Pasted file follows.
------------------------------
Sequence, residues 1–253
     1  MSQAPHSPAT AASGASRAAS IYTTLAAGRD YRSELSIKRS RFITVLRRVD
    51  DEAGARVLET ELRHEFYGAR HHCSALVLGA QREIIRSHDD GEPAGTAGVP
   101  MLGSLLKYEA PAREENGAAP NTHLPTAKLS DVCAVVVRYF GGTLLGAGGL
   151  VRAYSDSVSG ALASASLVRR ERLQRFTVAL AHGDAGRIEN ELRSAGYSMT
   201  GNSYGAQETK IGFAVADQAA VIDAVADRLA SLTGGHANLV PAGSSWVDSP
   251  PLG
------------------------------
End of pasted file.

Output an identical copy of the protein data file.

Sequence, residues 1–253
     1  MSQAPHSPAT AASGASRAAS IYTTLAAGRD YRSELSIKRS RFITVLRRVD
    51  DEAGARVLET ELRHEFYGAR HHCSALVLGA QREIIRSHDD GEPAGTAGVP
   101  MLGSLLKYEA PAREENGAAP NTHLPTAKLS DVCAVVVRYF GGTLLGAGGL
   151  VRAYSDSVSG ALASASLVRR ERLQRFTVAL AHGDAGRIEN ELRSAGYSMT
   201  GNSYGAQETK IGFAVADQAA VIDAVADRLA SLTGGHANLV PAGSSWVDSP
   251  PLG